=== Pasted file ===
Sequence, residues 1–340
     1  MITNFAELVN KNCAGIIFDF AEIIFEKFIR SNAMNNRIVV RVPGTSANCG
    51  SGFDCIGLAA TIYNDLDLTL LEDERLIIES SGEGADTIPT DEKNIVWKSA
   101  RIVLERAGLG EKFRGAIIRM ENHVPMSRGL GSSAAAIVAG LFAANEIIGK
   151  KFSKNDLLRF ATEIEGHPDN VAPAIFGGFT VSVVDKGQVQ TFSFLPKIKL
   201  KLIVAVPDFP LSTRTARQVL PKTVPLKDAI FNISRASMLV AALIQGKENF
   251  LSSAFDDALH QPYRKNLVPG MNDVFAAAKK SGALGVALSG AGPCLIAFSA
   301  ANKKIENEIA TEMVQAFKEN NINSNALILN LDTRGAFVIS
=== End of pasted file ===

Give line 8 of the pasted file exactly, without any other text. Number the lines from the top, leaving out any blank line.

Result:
   301  ANKKIENEIA TEMVQAFKEN NINSNALILN LDTRGAFVIS